See The World In Flowers: The Traveling Gardener’s Guide to The Best Garden Destinations
by Barbara Ramsay Orr
Gardeners have always been a genial but larcenous lot. They’ll steal your remedy for slugs, and pinch the name of the late flowering peony that you discovered last season. And gardeners who travel are even more inclined to plunder. From Carolus Clusius who ‘borrowed’ the tulip from Constantinople in 1573 and brought it home to Leiden in Holland, to the English aristocracy who toured France and Italy to copy garden designs for their new country estates, to the modern traveling gardener, a journey offers the opportunity to acquire foreign ideas that can be modified or incorporated into the domestic garden.
But the simple truth is, people who love gardens will visit them over and over again for the pure pleasure they provide, larcenous intents aside. And even if you’ve never broken a nail or calloused your hands in the dirt of a flower bed, there is a therapeutic pleasure to be found in walking through a beautiful garden. In fact, Roger S. Ulrich of Texas A&M has clinical proof that simply looking at nature can lower your blood pressure, relieve stress levels, and reduce muscle tension.
Little wonder then that garden destinations hold such wide appeal.
It isn’t necessary to leave the country to find gardens to dream about. Our domestic gardens are gems which merit a special trip for garden inspiration. The Butchart Gardens on Vancouver Island, for example, grew out of an old abandoned quarry site, and now comprise fifty acres of floral splendour and the Royal Botanical Gardens in Hamilton, Ontario, have the world’s largest collection of lilacs on display during their May Lilac Festival.
But if you’ve sampled the homegrown horticulture, or are just in search of the exotic, maybe you’re ready for a global garden-hopping adventure.
There are many gardening-themed group tours available, but I have found that a visit to a garden is best on a self-guided tour. You have time to stop to photograph or sketch the garden elements that captivate you, without worrying about holding up the group.
What follows is a description, not exhaustive by any means, of some the best global garden sites. Any one of them could be the central focus of a gardening odyssey or a short side trip.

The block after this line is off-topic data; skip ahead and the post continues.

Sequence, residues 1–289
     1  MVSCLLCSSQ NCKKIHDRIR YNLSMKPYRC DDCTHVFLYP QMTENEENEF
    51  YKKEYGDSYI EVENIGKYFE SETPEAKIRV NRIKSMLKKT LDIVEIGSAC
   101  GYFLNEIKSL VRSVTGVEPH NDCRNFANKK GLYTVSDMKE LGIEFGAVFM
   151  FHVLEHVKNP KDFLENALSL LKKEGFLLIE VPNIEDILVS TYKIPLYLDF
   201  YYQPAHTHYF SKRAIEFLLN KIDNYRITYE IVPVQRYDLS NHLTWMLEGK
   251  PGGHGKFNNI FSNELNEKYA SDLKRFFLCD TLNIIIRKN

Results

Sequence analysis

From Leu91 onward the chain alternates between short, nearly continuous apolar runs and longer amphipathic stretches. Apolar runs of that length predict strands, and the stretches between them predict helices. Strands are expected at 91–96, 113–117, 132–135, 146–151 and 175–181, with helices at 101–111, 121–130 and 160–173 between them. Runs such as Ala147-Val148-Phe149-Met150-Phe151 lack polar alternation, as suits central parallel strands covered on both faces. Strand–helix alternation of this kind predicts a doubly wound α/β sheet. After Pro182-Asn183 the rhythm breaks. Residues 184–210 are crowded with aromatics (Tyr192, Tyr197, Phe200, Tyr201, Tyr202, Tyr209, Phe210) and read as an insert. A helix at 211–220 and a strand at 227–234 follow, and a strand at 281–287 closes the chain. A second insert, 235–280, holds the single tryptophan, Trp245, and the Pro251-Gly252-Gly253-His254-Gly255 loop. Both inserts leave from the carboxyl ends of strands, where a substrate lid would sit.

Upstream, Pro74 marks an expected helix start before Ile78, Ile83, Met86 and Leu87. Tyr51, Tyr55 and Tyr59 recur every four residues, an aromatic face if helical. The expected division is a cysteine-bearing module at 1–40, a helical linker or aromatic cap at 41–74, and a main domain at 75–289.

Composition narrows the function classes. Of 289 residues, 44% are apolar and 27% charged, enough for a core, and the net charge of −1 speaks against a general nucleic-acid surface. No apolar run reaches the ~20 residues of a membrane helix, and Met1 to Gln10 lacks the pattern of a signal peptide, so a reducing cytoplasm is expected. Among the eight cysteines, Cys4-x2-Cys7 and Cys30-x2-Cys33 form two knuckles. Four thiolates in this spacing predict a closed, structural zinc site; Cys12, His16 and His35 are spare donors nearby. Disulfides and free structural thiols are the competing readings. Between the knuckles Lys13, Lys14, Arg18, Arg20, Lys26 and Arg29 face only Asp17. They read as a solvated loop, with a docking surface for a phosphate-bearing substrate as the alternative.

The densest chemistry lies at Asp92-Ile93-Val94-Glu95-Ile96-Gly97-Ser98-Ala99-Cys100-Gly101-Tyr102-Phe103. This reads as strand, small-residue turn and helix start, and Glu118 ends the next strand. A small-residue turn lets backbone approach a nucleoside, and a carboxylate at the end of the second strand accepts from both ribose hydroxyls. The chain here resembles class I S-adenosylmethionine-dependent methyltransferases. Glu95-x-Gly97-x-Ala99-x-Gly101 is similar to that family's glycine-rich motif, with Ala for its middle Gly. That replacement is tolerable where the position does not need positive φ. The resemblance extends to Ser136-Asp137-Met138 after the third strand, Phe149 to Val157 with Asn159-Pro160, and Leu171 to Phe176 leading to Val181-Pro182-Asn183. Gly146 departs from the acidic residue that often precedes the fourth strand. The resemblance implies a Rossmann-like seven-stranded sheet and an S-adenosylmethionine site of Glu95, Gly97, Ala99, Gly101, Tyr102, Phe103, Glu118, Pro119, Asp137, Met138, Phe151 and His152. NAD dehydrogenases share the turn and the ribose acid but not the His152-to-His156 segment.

First, last and always, the one site every person who loves colour must visit in his lifetime is actually a whole country – Holland in the Spring. From March until mid-June, it is Eden, an abundantly flourishing spectacle of colour that defies description. Even a mundane train ride from Schiphol to Amsterdam is illuminated by the surprising fields of flowering bulbs. That’s fields, - not clumps or beds, but fields, stretching in broad and brilliant stripes for almost a mile.
The best way to appreciate the bulb fields is on a bike, where you can inhale the scents of hyacinths as you pass. One spectacular route begins in the North Sea town of Noordwijk. Here you can arrange for bicycles and do a leisurely 25 k ride through the tulip fields, ending up, about an hour later (depending on how many times you are compelled to stop to stare at the flowers) at the absolute mecca for gardeners, the Keukenhof.
Keukenhof (which means kitchen garden in Dutch) is the 70 acre garden park that is a veritable sea of spring flowers, over seven million bulbs planted in formal gardens around lakes, curving pathways and art installations. Here the best bulb growers show off their best bulbs, and the eager gardener can choose the names of tulips, narcissus, fritillaria, and muscari for fall planting. It is, quite literally, the most gorgeous display of eye candy on the planet. Promise yourself that you will see this garden in its glory, if you haven’t done so.
There is also an important Autumn Flower Bulb Market at Keukenhof , from October 18 to 20, which sells rare and treasured bulbs, outdoor furniture and period decoration. Bulbs can be purchased at Keukenhof in the spring as well, but be careful what you buy. Any bulbs that you want to take back to Canada must have a government seal or they will not be allowed in. The safest way, although more expensive, is to buy bulbs at Schiphol Airport. I bought an amaryllis bulb the size of a turnip there and had no problems with customs. I’m looking forward to a five blossom colossus for the Christmas season.
For some gardening enthusiasts, horticultural history is the fascination. The Hortus Botanicus in Leiden has a replica of Carolus Clusius’s garden, showcasing some of the earliest tulips. It is surprising to see that these first flowers, like the 400 year old Duc van Tol, are small and short in comparison to modern hybrids, and even harder to imagine that just one of these bulbs was worth the price of a house in 17th century Holland.
Hortus Bulborum, in Limmen, is an archival bulb garden started in 1928 to save varieties of tulips which were being lost. It offers a well organized open-air archive that brings to life the story of the flower. There are helpful summaries of the tulip’s history and its evolution from wildflower to treasured showpiece.
Treat yourself, while you are in Holland to a tour of some of the secret gardens of Amsterdam. Hidden behind the tall front exteriors of the canal houses, are elegant ‘hofje’, or courtyard gardens, ranging from French formal to English landscape style.